Mapping Gracie Mitchell’s Patterns in the 19C

Lab Report #4:  GIS & Geospatial Visualization


For this lab experimentation with mapping, I decided to try making small multiples of quilt patterns using Tableau. My goal is to use this software to create these individual pattern maps, and then incorporate them into the infographic that will be part of my final project.


Tableau Public program, Paint, shape files for 1850 U.S. geography, Carto DB, Quilt Index dataset


1. I located shape files for the United States at different points in history at I loaded up CartoDB to use these in my visualization, but when I tried to upload them I was told that the file was too large, so I used Tableau.

2. After uploading my dataset to Tableau, I had to manually change the locations to states so that the program would plot the points. There were some records which had no state, so I deleted them from the working file in class, and reduced my dataset from 175 items to 94.
pattern map 1

3. The first map I created had all of the patterns in one visualization, with colors showing pattern and sizes showing the number of quilts. The visualization uses 19 different colors. 

4. I moved on to creating small multiples, using the pattern and location fields, but for some reason the dates were not being parsed correctly after I redefined the type of data in the cell. I wanted to attempt to use shades of a color in order to show the dates.

pattern map 2

5. Finally I changed the date field back to a ‘Dimension’ and was able to achieve a gradient.


final map 4


6. At home I went back to the original data set, which includes links to the item records, and found a specific location and date for each quilt. This gave me a dataset with 171 recordsIf the location for where a quilt was made was not clear in the full item record (in the ‘location’, ‘provenance’, ‘quilt history’, or ‘quiltmaker address’ fields), then I entered a location based on the field with the address of the owner (usually a relative/descendant of the quiltmaker) who brought the quilt in for documentation or donation. There were ~dozen instances where I entered the location of the contributor (to the Quilt Index) or the quilt collection.

7. I uploaded the file into Tableau, and created a map visualization using the pattern field, which once again gave me horizontal maps. I used the pattern field again to create columns, which gave me a grid with square maps. The ones that I need traveled in a diagonal from the top left of the visualization to the bottom right: 

pattern map 3

8. Using Paint, I cropped screen shots of each pattern map for small multiples.


I pasted these in to this document without distorted the size from which they are cropped, as well as the legend, so the sizes on the legend should be appropriate to the sizes of the small multiples. Overall I am pleased with the way that they turned out. Some of the maps are dense, and in order to fit them in the same size square you lose readability (Log Cabin, Sunflower, Tulip, Reel), but I think that can be sacrificed for the overall effect. It was also too bad that I couldn’t use the original shape files from 1850 that I found, with CartoDB, but ultimately since I am using small multiples, the shapes are tiny and it probably doesn’t matter.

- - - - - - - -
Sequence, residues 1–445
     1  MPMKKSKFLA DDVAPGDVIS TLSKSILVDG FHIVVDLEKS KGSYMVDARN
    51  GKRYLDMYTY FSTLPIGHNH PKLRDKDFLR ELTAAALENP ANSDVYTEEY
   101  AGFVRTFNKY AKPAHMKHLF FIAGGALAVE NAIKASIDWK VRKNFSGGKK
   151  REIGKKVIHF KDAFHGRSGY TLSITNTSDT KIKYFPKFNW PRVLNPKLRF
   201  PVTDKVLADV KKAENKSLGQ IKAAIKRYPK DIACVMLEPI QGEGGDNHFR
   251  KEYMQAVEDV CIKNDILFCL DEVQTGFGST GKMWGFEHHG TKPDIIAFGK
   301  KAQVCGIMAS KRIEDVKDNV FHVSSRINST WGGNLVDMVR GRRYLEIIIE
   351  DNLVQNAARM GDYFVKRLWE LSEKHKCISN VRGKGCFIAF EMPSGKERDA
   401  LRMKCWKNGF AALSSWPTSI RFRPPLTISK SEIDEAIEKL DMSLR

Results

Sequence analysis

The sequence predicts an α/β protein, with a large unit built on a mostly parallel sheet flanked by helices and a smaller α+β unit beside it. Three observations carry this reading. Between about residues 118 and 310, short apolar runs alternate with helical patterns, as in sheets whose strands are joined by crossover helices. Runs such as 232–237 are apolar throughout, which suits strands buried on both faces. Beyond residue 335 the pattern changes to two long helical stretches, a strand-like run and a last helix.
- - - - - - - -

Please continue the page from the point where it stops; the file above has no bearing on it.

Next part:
Another issue I left alone is the problems I am having with the date field. I am going to have to enter a day and month for all of the items, and also comb through the records removing inappropriate records. In this lab report visualization, even though I selected 1800-49 as my period in the advanced search, the results returned include quilts that are dated after 1850. There are two different ways to search dates for quilts, and not all quilts have metadata in the period field. Searching a specific date range will probably give me a completely different dataset. I stuck with this one only because of the amount of time that has been invested in cleaning it so it works with different visualization tools. I can see that it is really important to prepare for anything as far as collecting metadata and creating a dataset, there are visualization tools yet to be developed that you will want to use with it in the future.

Future Directions:

I chose shades of blue for my markers because in the final visualization that I do for my project I will find ways to highlight significant details using green and red. Otherwise the background colors for the visualization will be sepia tones and grey scale. The most important thing I will have to revisit for my project is my dataset, so I will be spending some time with Google Refine this month cleaning and finalizing the data that will inform the geospatial and time-series analysis the best. There are also alternate names for some of the quilt patterns that I discovered while doing research on their origins in Barbara Brackman’s Encyclopedia of Quilt Patterns. I need to search those pattern names in the Quilt Index, and chose what range of years I want to represent. Getting the dates right will be essential for being able to do any serious analysis using the visualization!

Update April 19, 2013: I decided to select a few of the earliest examples for each pattern. Because certain patterns occurred so infrequently, like the cotton leaf, this gave me a dataset that ranged between 1-10 items for each pattern – with no data after 1940. The three fields I used are pattern, year, and location (state). I was able to save my visualization to the web with Tableau, and embed the maps into this webpage.

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